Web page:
Legal geography and coastal climate change adaptation

The Vaughan litigation

Tayanah O'Donnell

Research output: Contribution to journalArticle

9 Citations (Scopus)

Abstract

The impacts on the Australian coast of a changing climate include environmental and property damage arising from increased frequency and severity of coastal weather events, storm surge, coastal erosion, and coastal flooding. Coastal management policies and planning laws are often relied upon to manage both the impacts and competing interests in the coast. The existence of these policies and laws, and their interpretation by the courts, bears a weight of expectation upon them to deliver in the face of climate change which merits further consideration. Indeed, a rich field is open from which to consider the constitution and construction of law in and across different places, in the context of climate change adaptation. The Australian coast is a unique and locally specific context from which to explore the relationship between law and place as performed in the Vaughan litigation, and this paper considers such important potential as it gains expression in the Vaughan litigation. © 2016 Institute of Australian Geographers.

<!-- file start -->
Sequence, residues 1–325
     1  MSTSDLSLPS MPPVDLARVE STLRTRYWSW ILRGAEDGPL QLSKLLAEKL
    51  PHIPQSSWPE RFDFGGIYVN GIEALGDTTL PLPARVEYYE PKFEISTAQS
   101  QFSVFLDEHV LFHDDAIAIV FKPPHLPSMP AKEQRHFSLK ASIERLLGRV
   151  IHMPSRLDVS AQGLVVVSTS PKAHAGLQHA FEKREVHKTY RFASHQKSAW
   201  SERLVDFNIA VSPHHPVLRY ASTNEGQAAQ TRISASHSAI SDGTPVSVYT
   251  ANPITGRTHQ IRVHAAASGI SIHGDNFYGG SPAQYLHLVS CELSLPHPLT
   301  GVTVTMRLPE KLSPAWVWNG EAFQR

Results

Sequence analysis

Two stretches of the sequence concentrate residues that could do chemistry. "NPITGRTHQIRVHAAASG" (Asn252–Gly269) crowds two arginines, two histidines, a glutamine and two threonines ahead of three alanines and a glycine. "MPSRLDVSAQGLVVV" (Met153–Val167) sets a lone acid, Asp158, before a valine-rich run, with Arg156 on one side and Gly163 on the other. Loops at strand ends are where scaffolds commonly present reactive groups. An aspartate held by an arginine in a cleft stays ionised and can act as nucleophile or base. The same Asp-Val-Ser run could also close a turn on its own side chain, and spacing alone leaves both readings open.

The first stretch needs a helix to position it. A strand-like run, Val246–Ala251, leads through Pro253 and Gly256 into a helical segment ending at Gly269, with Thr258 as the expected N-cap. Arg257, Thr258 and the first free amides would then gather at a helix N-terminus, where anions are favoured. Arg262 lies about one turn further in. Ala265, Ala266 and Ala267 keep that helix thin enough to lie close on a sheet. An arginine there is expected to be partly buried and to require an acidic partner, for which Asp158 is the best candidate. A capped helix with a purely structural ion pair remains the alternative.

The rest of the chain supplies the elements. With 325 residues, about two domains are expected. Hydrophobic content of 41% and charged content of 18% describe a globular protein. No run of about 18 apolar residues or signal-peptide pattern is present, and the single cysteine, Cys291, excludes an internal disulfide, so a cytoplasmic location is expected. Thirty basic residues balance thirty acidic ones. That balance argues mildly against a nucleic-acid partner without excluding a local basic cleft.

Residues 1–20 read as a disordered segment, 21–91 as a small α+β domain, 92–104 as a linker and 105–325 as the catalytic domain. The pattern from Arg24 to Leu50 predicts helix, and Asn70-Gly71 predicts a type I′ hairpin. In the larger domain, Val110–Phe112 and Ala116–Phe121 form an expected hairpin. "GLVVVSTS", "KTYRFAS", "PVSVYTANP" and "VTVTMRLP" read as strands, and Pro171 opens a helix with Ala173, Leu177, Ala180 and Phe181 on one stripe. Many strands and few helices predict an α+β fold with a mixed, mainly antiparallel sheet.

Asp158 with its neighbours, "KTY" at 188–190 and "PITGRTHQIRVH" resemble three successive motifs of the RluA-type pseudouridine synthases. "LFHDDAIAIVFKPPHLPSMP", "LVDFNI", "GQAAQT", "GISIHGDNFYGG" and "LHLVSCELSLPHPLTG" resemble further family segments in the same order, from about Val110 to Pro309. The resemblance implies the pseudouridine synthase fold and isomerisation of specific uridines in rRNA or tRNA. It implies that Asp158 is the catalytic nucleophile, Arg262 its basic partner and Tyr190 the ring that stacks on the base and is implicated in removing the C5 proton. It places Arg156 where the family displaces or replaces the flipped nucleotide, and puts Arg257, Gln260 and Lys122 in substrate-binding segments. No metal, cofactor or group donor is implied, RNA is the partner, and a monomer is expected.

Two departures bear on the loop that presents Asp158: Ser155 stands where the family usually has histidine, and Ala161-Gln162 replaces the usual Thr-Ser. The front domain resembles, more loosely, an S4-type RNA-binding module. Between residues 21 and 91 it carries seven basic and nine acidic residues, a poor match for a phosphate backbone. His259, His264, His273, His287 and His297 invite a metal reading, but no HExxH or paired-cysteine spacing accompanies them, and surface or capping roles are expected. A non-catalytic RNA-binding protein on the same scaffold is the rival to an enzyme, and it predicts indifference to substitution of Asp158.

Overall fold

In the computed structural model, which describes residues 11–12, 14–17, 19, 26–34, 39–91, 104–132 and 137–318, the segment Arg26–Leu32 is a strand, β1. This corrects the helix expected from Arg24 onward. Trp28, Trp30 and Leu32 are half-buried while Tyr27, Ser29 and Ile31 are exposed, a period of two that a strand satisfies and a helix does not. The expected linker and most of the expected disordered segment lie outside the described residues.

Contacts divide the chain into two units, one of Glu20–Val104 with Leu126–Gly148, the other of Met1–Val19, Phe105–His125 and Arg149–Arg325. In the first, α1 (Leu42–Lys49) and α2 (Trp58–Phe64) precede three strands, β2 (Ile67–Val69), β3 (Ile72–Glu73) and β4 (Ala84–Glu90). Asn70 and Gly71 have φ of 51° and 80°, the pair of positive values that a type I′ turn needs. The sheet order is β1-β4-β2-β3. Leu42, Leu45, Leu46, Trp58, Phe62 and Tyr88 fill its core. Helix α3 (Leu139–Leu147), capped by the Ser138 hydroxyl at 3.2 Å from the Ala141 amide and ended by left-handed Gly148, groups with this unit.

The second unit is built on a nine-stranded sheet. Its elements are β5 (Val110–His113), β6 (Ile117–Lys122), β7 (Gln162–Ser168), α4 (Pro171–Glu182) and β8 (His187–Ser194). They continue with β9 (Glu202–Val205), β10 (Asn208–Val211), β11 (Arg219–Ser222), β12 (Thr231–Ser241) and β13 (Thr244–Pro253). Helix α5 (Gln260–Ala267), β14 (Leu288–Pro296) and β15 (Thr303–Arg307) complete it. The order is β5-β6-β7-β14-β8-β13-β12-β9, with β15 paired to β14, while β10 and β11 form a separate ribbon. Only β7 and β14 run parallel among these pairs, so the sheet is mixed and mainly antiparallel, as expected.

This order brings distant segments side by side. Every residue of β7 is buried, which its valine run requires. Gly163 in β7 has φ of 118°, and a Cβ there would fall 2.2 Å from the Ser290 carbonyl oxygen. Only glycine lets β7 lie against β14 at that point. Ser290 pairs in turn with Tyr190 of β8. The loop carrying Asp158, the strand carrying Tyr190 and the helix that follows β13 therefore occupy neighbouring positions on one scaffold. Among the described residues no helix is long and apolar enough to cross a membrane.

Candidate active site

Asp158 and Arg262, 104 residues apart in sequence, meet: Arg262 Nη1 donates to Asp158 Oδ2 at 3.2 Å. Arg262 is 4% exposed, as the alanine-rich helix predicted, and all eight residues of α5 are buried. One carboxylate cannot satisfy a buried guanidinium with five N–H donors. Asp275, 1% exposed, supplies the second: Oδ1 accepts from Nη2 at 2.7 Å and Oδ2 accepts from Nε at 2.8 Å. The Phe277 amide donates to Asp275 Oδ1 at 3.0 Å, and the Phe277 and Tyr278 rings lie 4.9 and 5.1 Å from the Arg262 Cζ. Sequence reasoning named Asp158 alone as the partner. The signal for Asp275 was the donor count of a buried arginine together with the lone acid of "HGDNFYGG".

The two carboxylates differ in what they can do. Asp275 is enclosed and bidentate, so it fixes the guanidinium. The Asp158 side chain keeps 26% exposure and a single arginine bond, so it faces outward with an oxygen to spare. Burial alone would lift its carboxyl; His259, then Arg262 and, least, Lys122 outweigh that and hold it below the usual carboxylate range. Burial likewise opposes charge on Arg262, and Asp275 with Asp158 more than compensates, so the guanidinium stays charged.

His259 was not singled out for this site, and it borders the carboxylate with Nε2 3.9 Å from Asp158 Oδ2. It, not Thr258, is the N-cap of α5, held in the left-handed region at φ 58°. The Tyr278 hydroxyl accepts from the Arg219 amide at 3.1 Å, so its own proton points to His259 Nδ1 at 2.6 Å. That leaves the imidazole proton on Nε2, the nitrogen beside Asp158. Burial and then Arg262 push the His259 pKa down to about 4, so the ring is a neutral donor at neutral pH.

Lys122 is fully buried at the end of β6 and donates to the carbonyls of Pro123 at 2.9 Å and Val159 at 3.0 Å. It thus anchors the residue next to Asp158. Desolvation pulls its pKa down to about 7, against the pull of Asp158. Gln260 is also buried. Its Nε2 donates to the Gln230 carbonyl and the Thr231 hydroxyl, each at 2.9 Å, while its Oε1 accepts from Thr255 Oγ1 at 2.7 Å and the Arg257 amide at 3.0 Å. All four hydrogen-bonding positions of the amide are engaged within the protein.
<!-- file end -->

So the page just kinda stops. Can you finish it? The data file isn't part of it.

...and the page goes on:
Original languageEnglish
Pages (from-to)301-312
Number of pages12
JournalGeographical Research
Volume54
Issue number3
DOIs
Publication statusPublished - 2016

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climate change
geography
Law
coast
coastal erosion
storm surge
coastal zone management
flooding
weather
erosion
constitution
damage
damages
climate
interpretation
planning
litigation
climate change adaptation
event
management

Cite this

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Legal geography and coastal climate change adaptation : The Vaughan litigation. / O'Donnell, Tayanah.

In: Geographical Research, Vol. 54, No. 3, 2016, p. 301-312.

Research output: Contribution to journalArticle

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